Socitm leader's cautious welcome to government open source policy

Richard Steel, president of the public sector IT managers’ organisation Socitm has given a cautious welcome to the government’s announcement that it was “levelling the playing field” for open source to compete with its proprietary rivals.

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Richard Steel, president of the public sector IT managers’ organisation Socitm has given a cautious welcome to the government’s announcement that it was “levelling the playing field” for open source to compete with its proprietary rivals.

Steel on his blog said the new policy would lead to increased competition, which is "great for keeping suppliers focussed on delivering customer value".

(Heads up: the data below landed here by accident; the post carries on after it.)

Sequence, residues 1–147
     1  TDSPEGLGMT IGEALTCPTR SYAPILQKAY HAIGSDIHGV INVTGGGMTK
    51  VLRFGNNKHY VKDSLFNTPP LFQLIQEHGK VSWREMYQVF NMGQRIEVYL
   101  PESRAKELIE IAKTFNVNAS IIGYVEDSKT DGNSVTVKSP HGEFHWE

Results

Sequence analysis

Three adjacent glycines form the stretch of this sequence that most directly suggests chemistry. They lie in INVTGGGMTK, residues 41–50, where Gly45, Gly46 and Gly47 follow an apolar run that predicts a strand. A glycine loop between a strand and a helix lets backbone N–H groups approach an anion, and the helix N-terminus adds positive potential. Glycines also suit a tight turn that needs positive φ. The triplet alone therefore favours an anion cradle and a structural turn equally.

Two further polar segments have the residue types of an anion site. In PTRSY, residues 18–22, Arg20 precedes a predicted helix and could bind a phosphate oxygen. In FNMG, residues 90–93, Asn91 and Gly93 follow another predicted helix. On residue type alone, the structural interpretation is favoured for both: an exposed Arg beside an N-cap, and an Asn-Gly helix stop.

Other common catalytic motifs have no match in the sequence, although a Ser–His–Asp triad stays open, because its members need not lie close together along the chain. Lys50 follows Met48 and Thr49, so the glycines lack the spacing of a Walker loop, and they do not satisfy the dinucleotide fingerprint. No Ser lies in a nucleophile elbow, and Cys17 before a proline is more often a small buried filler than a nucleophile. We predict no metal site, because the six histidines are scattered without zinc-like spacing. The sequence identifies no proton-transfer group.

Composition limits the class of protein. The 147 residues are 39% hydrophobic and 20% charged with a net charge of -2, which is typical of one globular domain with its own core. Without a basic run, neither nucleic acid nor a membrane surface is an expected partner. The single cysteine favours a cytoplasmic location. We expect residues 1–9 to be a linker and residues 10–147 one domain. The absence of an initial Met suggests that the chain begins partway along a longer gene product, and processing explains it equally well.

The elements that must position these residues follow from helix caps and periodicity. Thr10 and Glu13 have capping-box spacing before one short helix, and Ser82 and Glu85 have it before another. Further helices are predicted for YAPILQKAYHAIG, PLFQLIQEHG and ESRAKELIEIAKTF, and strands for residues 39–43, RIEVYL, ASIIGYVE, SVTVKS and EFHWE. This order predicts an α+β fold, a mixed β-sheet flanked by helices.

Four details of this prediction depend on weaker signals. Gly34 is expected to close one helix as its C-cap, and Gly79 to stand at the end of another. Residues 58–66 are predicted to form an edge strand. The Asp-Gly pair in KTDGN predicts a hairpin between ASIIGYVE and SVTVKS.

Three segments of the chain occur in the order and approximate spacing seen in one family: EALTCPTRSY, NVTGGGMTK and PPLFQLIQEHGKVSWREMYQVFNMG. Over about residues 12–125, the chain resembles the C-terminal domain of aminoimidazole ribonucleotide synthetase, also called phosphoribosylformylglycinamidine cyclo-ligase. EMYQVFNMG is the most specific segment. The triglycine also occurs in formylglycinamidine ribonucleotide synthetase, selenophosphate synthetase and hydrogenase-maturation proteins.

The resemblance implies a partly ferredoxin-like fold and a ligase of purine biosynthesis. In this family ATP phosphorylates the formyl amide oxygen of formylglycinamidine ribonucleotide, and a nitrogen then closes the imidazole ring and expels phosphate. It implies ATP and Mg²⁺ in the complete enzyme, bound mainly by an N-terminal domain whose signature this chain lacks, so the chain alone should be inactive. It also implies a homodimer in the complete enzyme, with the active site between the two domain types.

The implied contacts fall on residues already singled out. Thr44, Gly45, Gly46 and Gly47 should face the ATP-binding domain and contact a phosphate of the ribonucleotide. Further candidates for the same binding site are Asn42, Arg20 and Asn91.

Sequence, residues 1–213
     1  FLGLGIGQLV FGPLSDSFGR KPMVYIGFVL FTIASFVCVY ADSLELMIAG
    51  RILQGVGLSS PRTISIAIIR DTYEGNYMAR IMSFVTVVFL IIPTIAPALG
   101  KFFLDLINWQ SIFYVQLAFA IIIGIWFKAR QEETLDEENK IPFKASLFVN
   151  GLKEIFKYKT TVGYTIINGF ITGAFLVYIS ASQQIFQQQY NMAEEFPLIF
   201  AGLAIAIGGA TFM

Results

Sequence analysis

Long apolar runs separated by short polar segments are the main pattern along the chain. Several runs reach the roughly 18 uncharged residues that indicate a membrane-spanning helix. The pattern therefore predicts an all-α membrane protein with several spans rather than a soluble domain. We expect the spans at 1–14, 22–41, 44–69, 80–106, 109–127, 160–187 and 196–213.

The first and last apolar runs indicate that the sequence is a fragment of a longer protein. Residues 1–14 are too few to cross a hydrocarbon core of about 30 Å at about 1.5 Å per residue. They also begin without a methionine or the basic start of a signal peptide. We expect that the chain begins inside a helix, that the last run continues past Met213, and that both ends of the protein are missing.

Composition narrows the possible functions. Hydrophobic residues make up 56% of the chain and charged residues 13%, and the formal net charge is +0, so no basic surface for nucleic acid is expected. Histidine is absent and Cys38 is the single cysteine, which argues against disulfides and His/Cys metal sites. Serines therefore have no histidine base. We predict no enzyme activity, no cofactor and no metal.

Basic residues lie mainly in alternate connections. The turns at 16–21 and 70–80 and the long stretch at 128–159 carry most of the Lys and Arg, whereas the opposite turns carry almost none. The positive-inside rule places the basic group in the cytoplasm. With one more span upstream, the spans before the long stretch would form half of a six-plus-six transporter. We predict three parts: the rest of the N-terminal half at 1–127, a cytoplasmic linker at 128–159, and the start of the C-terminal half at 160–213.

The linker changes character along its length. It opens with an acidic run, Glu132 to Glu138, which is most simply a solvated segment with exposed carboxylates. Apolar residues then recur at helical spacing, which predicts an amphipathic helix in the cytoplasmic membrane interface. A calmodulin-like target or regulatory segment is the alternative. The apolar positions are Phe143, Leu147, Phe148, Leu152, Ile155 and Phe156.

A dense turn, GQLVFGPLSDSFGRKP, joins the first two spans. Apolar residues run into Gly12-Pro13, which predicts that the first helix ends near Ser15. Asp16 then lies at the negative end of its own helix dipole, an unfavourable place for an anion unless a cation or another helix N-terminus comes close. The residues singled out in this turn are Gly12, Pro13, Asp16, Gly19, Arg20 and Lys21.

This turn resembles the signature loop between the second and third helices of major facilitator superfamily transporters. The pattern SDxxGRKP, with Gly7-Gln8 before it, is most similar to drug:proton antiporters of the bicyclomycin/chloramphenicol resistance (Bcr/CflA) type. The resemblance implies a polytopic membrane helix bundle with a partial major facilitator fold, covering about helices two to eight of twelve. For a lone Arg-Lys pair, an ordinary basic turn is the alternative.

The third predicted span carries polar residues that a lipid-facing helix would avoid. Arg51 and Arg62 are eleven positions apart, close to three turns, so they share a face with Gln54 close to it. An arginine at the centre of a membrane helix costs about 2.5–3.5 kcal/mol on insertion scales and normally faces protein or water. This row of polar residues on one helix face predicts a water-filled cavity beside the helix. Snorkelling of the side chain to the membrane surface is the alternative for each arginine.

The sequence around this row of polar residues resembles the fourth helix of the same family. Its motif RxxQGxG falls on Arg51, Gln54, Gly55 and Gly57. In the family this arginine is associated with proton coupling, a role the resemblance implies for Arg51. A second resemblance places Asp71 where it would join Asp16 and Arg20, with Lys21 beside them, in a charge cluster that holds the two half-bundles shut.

But he added, “Software is only one part of the Total Cost of Ownership equation; don’t consider it in isolation, but as part of the full TCO and lifecycle costs.”

Steel also suggested that open source software development "lags behind proprietary development by several years," and he suggested it lagged behind in technologies surrounding “anytime, anywhere fixed and mobile infrastructure with tele-presence we require, now, for flexible and new ways of working using”.

Steel famously signed a landmark 10-year contract with Microsoft and HP, after a competition that pitched Windows against Linux. Microsoft agreed to fund hundreds of thousands of pounds of independent consultancy to let Newham evaluate the Windows business case.

Newham council, nevertheless, uses open source software for some applications, where appropriate, Steel said.

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